In her June 17th article entitled What U.S. Students Miss by Not Learning Latin, Annie Holmquisten brings to light this little known event below.
Although it’s not primetime news in the U.S., a 15 year-old student from Athens, Georgia, recently made international waves when he became the first American to win the Certamen Ovidianum Latin competition in Italy.
Josiah Matthews took home $1,000 in cash and other prizes for translating a passage from Ovid and then writing an essay on it – in Latin no less.
According to The Athens Banner-Herald, Josiah got his start in Latin at a young age by overhearing his father teach the language to an older sibling. Josiah now has several Latin students of his own, including one from Australia.
She then goes on to list seven very good reasons why our children should study Latin.
You can read her full article here on Intellectual Takeout.
My oldest daughter took some latin - we did it ala cart through Rossetta Stone. Rossetta Stone, back in the day, used to be free at the public library. It was an okay program, the kids didn't care for it as much as some of the other learning styles we encountered. But I thought it did a good job introducing the language and providing feedback as they learned. (We studies Japanese, French, Latin, Italian and Spanish.) I was sad when they pulled it from the library. I would have bought our own copies of the Spanish and Latin, but at the time the software was really pricey. Instead, we picked up Latina Christiana for a little while. Our copy was used from the HomeSchool Store. Finally, though, we used online sites for learning.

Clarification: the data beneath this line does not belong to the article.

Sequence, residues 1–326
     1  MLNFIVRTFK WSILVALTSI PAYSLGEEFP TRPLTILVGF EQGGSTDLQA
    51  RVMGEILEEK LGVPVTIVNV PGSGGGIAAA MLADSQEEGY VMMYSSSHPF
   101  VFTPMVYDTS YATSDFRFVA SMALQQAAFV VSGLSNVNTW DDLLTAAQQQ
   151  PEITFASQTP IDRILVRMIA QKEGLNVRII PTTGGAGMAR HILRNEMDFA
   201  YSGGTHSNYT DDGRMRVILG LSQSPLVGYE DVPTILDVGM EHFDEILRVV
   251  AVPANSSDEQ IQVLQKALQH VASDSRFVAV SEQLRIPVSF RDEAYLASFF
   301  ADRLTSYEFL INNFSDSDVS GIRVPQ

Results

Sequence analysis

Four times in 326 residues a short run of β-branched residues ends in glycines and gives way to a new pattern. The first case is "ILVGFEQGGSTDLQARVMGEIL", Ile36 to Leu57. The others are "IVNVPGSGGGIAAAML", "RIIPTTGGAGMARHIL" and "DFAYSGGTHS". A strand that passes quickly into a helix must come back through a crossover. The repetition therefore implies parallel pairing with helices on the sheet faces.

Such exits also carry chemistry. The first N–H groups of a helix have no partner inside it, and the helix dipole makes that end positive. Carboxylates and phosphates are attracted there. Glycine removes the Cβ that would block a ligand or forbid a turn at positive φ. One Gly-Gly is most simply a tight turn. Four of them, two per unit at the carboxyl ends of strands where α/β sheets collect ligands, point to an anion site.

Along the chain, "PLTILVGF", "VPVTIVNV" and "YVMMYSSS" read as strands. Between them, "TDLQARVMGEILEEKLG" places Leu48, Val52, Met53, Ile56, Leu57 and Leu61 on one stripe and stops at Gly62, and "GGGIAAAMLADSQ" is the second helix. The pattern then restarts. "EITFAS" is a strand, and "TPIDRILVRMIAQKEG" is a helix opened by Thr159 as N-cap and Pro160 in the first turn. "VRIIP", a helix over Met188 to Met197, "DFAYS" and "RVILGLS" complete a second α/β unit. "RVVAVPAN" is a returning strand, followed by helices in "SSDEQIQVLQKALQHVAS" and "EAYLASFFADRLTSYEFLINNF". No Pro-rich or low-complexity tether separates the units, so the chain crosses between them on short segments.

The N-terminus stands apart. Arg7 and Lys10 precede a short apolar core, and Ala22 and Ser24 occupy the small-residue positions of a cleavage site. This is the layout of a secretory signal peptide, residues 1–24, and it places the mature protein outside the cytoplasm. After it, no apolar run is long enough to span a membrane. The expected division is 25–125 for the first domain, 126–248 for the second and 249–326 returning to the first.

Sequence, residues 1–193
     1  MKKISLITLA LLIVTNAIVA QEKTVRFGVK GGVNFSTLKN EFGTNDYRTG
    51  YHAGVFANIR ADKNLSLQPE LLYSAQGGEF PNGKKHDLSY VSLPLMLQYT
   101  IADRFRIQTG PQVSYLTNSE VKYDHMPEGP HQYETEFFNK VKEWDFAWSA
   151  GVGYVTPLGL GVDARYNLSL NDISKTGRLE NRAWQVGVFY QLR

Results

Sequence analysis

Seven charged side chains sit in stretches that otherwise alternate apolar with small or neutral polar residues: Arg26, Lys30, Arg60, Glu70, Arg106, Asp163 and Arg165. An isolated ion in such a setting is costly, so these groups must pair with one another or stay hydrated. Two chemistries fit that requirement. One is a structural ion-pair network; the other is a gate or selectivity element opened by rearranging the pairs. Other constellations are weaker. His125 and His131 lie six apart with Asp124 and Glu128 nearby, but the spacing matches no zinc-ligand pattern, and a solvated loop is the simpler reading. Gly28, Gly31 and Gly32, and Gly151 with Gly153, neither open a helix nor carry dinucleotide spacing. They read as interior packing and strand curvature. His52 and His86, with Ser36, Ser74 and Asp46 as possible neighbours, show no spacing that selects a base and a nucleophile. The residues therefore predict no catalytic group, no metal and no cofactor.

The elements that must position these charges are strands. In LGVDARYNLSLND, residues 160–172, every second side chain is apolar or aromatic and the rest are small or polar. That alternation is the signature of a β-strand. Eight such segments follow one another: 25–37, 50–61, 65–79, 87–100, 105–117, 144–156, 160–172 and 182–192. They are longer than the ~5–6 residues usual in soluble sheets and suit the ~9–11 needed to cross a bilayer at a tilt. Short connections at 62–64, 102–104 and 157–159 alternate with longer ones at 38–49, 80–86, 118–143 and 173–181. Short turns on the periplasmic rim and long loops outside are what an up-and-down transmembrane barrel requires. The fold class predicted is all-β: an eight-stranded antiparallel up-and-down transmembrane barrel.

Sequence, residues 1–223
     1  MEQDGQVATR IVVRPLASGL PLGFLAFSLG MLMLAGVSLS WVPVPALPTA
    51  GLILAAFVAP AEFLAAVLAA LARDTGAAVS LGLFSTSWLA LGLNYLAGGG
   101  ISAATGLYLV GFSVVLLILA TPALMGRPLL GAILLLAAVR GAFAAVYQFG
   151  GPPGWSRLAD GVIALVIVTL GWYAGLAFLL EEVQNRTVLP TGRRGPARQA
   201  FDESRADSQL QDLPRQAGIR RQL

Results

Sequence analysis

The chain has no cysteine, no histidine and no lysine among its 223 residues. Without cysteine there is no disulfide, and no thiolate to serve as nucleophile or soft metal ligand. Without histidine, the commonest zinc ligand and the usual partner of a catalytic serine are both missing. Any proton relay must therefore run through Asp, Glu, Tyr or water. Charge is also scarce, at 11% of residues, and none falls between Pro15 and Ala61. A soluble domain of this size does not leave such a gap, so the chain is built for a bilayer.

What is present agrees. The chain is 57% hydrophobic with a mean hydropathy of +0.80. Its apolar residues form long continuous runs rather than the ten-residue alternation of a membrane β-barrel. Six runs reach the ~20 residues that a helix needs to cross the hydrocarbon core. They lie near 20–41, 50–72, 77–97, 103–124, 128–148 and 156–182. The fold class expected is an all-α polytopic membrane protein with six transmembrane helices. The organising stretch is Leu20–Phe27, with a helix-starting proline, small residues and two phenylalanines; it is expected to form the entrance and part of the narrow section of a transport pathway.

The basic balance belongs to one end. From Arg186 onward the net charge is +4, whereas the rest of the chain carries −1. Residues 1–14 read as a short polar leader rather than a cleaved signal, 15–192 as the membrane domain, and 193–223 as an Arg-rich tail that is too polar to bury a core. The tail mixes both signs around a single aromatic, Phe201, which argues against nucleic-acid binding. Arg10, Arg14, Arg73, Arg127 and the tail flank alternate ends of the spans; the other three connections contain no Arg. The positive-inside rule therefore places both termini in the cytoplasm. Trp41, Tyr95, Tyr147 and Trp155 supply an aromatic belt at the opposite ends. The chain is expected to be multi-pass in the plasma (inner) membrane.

She did pretty well and saw some good returns on her efforts in her SAT scores and now while at the University she attends where she is a part of the Honors College. Like Ms. Holmquisten notes in her 6th point
6. Latin is also valuable for further studies in all disciplines.
According to the Bluedorns, the other disciplines which Latin knowledge aids include “history, theology, literature, art, architecture, ad infinitum.”